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Have you ever wished you could edit your manuscript like a pro?  Well who doesn’t?  I have been reading some editing tricks and there are many out there.  Here are a few that some authors have shared:

1.  Try looking at your manuscript from an objective point of view.  (This is not so easy because this is your baby after all!)  But if you look at your novel like a publisher would then you will likely see what they do.  Even if you have had friends or family members read your book and have given you excellent reviews they are all biased.  Only because they know you and like you already.  A stranger reading your novel for the first time is getting to know you through your writing.  Your voice needs to be unique and not annoying. “The writer’s voice sells books. You don’t get there by selling one manuscript. It takes a lot of writing to find your rhythm. Steve sees glimpses of this in beginning manuscripts.” Read more: http://www.thecreativepenn.com/2010/11/14/editing-novel-steve-parolini/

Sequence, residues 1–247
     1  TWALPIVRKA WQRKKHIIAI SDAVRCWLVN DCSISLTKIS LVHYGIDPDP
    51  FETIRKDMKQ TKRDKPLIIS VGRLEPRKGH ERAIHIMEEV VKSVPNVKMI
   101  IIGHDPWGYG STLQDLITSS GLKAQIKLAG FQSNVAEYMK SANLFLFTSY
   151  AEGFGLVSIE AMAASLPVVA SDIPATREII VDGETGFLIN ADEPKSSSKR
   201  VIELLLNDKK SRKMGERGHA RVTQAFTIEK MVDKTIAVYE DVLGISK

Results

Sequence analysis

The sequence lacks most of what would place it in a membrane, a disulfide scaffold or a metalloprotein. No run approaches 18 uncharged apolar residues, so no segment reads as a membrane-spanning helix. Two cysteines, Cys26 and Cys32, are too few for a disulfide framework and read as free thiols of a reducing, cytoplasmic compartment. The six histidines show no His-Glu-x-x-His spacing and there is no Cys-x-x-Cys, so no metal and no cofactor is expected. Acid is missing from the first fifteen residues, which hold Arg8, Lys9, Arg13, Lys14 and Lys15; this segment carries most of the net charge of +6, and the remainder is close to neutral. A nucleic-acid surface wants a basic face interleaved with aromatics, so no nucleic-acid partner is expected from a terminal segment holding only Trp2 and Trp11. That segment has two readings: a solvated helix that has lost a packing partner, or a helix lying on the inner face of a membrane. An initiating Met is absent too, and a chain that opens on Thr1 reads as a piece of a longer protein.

2. Track your changes to the manuscript so if you don’t like the new changes then you can easily revert back to the original.  “With a huge manuscript, it’s so important to see the changes in process, and to be consistent. Using the “Edit” and “Find” tabs, I can quickly find a key phrase I’m looking for, or a character’s name, and edit from there.  If your changes are major, your manuscript’s tracked edits may end up being more confusing than helpful.  What I’m doing with DRAWN, since my revisions revolve around a few very different issues, is I tackle one type of revision at a time.” – author, Maria Lamba – http://marielamba.wordpress.com/2010/01/24/tricks-for-editing-your-novel/    Maria Lamba gives some great advice in her post on editing and she was generous in her sharing her ideas.